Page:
A way with words

by Donna Sealy

davenyellsDaveny Ellis rocked Love, Poetry and Song earlier this month.

Most, if not all of the patrons who attended would agree that he was good.

They liked his performance, his assertiveness, they liked him.

They liked his erotic poem and most importantly they remembered the message.

But sex isn’t the only thing he writes about.

He told Bajan Vibes he wrote his first poem when he was 18 years-old and even though he wrote about his love for a girl then, today he deals with every day issues, as he said “common sense, being”.

“Hip-hop got me started, a lot of my favorite hip-hop artists are poets and I just drew to it because they were able to channel a lot of their energy through it and they got their message across and I felt it was a really good way of expressing myself.

“I started writing poetry just because it felt natural. I felt it was a way of getting stuff out. When I first started it was just experimenting and getting used to it. I’ve changed so much over the years in terms of how I am as a poet and coming back home to Barbados changed my entire scope on poetry,” he said.

He was a student in the United States when he started.

The 30-year-old Ellis said he returned there was “a poetry scene that was growing in Barbados” which was different to what took place before, the old guard filled with griots was giving way to the younger wordsmiths who were influenced by the urban America in what they were doing yet still influenced by Tony Thompson and Winston Farrell.

“They fuse both You get guys like DJ Simmons who does poetry on a completely different level than what you would hear Winston Farrell do. You get Adrian Green who is a prolific poet and hearing those guys perform, and thanks to people like Enricco Bohne, Selena Dodson, even DJ Kashi who was one of the first people I heard, he’s an amazing poet, an awesome artist.

“Those were the first real taste of hearing this young guard of poets come and totally change of what it was to do poetry in Barbados to me and it inspired me so much that I stopped just writing poetry and wanted to perform it, I wanted to be a spoken word artist so because of them I got into spoken word. I wanted to do poetry on stage, I started to creep into it, crawl into it very slowly.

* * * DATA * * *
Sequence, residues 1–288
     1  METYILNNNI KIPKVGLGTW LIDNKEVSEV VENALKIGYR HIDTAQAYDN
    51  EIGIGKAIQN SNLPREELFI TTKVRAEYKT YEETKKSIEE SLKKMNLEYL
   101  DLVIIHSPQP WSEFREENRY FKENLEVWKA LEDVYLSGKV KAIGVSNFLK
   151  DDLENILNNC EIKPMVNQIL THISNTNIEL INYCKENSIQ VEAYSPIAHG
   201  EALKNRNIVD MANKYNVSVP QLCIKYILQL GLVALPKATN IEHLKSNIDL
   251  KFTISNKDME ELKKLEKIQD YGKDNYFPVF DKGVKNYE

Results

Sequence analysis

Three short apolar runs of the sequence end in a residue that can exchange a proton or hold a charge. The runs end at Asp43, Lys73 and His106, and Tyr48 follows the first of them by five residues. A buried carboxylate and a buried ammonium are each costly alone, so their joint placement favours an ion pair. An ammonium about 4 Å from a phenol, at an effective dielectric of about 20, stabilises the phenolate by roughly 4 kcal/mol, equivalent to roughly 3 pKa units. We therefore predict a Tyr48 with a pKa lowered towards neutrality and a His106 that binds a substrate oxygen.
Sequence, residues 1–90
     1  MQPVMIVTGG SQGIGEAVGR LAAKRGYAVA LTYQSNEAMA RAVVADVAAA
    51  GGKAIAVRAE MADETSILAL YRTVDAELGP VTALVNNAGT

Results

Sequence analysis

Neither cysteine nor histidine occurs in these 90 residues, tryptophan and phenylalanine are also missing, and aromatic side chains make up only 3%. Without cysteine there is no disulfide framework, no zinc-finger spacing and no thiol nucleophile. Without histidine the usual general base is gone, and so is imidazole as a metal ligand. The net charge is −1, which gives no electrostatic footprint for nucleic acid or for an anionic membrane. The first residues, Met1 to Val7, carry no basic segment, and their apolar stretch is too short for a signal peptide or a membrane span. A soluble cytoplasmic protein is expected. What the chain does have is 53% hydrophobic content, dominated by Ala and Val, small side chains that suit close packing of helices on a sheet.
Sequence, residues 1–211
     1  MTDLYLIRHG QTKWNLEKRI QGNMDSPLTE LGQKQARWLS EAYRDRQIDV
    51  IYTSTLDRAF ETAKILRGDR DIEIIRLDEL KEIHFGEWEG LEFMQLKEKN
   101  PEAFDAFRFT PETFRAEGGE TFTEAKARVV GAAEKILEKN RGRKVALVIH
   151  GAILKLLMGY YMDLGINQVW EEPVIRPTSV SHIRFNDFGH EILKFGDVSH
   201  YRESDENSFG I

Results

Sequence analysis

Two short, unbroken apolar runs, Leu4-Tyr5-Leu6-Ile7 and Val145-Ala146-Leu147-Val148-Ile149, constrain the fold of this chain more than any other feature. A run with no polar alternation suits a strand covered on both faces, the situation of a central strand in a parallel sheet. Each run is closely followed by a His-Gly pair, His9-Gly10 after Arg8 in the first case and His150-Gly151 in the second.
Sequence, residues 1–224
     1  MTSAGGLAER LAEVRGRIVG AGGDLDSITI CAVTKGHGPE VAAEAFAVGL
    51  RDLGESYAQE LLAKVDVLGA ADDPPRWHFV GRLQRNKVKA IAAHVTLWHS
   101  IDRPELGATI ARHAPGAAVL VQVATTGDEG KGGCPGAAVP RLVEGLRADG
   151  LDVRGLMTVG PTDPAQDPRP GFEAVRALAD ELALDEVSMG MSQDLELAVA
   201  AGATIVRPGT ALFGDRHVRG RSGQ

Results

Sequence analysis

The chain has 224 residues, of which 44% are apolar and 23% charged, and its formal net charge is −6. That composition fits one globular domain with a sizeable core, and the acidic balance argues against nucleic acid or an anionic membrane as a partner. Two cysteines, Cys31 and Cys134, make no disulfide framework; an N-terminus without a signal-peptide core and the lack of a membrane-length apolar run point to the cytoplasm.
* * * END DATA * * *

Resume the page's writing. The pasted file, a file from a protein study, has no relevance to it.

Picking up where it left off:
“It was a beautiful evolution kinda like being a caterpillar and watching yourself become a butterfly over time. I don’t think I’ve become that butterfly just yet, I’m still in that cocoon stage and trying to figure out where I am as an artist even though I’m 30, I’m still blossoming,” Ellis said.

About his performance on February 16?

He said there was “a lot of good energy from the crowd that night” and he was hoping that the audience understood where he was coming from.

“It was a dynamic piece, it was important to me because it came on two separate levels. One level was a personal kind of heartbreak and the other level was when I finished writing I knew how I was going to read it because it felt like words that women don’t hear. It felt like words that women need to hear, things that people don’t tell women because our society doesn’t tell women that they’re beautiful.

“Our society doesn’t tell women that they’re gorgeous, they’re sexy and they’re beautiful without meaning sex behind that. A man can’t tell a woman that she’s sexy without wanting sex from her. A man can’t tell a woman that she’s powerful without wanting something from her and that diminishes the power of women considerably.

“The idea of the piece is to empower women and not just eroticise women and it’s difficult to … because a lot of times women hear poetry like that and they only see the erotic, they only hear the lovely tones that resonate on a bass level and they don’t catch the depth of what somebody’s trying to tell them that they can do anything, they can be anything that they can conquer anything and that they are complete in their own skin which is beautiful. It’s hard to explain that to a woman in a few simple lines on a piece of paper. You try, you try that’s all you can do,” he said.


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